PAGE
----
Using the DTaP Vaccine to Protect Against Infectious Diseases

The DTaP vaccine is a combination vaccine used to immunize young children against three different infectious diseases: diphtheria, tetanus, and pertussis (whooping cough).

It should not be confused with the DTP vaccine, which immunizes against the same diseases but is no longer used in the United States. Similarly, the Tdap vaccine covers the same diseases but is only used for older children and adults.

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Why DTaP Replaced DTP

The DTP vaccine has been around since 1948 and was one of the first to combine multiple vaccines into a single injection. It combined the pertussis vaccine (created in 1914) with the diphtheria vaccine (1926) and the tetanus vaccine (1938).

The DTP marked a major turning point in the prevention of these illnesses, reducing the annual incidence of whooping cough alone from 200,000 in the 1940s to just over 20,000 today.

Despite its success, the side effects of the DTP vaccine led to a gradual decline in its use, leading to an increase in infections and fatalities by the end of the 20th century.

How DTaP Differs

To address these shortcomings, scientists developed a safer version in 1996 known as the DTaP vaccine. The "a" in DTaP stands for the acellular pertussis component of the vaccine. An acellular vaccine, by definition, is one in which a component of a contagion is used instead of a whole, inactivated cell.

While many whole-cell vaccines are safe and effective, the use of the entire contagion means that they are among the crudest of all vaccines. In the case of pertussis, the outer shell of the bacteria is comprised of fats and polysaccharides, which are endotoxic, meaning they can cause a generalized, all-body inflammation.

For this reason, children given the DTP vaccine were sometimes known to experience high fever, febrile seizures (fever-related convulsions), and fainting.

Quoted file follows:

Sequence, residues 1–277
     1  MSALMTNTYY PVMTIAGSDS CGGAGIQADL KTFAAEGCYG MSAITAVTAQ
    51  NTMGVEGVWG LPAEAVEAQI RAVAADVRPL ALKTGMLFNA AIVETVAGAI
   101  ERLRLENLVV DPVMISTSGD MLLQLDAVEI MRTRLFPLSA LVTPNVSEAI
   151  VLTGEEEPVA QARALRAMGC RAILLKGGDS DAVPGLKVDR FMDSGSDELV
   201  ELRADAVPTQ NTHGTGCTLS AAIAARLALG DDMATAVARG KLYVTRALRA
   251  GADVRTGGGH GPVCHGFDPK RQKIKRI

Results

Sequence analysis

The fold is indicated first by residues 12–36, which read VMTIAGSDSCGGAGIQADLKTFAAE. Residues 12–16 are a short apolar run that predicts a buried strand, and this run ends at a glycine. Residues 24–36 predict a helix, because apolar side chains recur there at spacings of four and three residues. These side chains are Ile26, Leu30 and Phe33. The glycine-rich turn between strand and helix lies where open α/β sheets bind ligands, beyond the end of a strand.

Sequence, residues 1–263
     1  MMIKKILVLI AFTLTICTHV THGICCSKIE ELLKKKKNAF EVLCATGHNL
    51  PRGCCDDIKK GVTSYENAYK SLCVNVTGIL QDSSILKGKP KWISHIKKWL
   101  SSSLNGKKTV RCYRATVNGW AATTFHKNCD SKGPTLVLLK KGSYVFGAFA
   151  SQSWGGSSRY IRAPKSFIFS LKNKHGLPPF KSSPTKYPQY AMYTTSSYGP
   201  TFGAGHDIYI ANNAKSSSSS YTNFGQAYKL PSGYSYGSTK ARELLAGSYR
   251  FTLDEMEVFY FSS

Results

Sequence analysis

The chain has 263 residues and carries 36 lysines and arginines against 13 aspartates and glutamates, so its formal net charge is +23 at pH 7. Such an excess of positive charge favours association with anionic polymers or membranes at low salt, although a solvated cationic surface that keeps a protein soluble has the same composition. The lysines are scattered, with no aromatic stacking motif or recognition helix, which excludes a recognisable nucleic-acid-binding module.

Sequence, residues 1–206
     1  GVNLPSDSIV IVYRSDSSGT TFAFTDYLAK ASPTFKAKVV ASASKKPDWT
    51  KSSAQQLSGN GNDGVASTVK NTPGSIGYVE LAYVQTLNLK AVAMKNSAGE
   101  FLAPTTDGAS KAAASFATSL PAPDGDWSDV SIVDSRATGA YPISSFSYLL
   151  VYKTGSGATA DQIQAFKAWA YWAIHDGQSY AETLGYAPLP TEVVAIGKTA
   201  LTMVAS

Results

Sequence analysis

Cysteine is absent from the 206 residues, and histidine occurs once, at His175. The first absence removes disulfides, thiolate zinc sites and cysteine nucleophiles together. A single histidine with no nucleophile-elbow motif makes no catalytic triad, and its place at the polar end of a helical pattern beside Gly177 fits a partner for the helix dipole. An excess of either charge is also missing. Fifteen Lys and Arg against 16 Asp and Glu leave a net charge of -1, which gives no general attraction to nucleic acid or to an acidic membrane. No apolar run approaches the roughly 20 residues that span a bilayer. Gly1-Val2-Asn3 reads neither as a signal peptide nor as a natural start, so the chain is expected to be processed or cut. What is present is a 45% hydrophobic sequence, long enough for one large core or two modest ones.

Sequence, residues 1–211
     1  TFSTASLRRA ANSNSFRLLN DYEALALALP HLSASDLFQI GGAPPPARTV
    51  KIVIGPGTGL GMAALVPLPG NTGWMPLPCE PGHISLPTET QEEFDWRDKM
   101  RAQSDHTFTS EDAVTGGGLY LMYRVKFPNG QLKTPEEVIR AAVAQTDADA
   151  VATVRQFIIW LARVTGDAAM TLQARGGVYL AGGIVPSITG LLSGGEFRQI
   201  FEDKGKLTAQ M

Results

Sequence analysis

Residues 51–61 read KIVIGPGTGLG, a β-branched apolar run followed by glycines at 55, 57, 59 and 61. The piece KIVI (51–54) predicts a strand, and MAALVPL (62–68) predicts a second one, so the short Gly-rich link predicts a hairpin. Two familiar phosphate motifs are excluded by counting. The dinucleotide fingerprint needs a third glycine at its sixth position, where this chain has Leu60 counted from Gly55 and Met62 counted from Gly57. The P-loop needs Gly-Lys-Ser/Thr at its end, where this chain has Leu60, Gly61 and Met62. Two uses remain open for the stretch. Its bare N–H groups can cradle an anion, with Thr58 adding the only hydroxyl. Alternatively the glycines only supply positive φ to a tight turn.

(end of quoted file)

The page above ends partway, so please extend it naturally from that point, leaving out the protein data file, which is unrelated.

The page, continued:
The DTaP vaccine, by contrast, only contains the antigenic components of the cells. Antigens are the proteins that the immune system uses to identify and launch an immune attack. By removing the endotoxins and using only antigens, the DTaP vaccine can spur an immune response with far fewer side effects.

Due to its improved side effect profile, the Centers for Disease Control and Prevention (CDC) recommended in 1997 that the DTaP vaccine replace the DTP.

Diseases the DTaP Prevents

Diphtheria, tetanus, and pertussis are all diseases caused by bacteria that, if left untreated, can cause serious illness and death. Diphtheria and pertussis are spread from person to person. Tetanus enters the body through cuts or wounds.


Diphtheria is caused by Corynebacterium diphtheriae bacteria. It is easily spread through coughing, sneezing, or direct contact with a contaminated object, such as a toy.

Two to five days after exposure, the toxins from the bacteria can cause respiratory symptoms (including a thick, gray coating in the nose or throat), weakness, swollen lymph nodes, and fever. If it enters the bloodstream, it can damage the heart, kidneys, and nerves.


Tetanus is caused by Clostridium tetani bacteria, the spores of which are found in soil, dust, and manure. The contagion enters the body through broken skin, often when the skin is punctured by a contaminated object such as a nail.

Tetanus is often called "lockjaw" because it can cause severe tightening of the jaw muscles. This can lead to serious health problems, making it difficult to swallow or breathe.


Pertussis is caused by Bordetella pertussis bacteria, which attaches itself to tiny, hairlike projections (called cilia) that line the upper respiratory tract. The bacteria release toxins that not only damage the cilia but cause the airways to swell.

Like diphtheria, pertussis is spread by coughing, sneezing, or simply being in the same airspace for an extended time.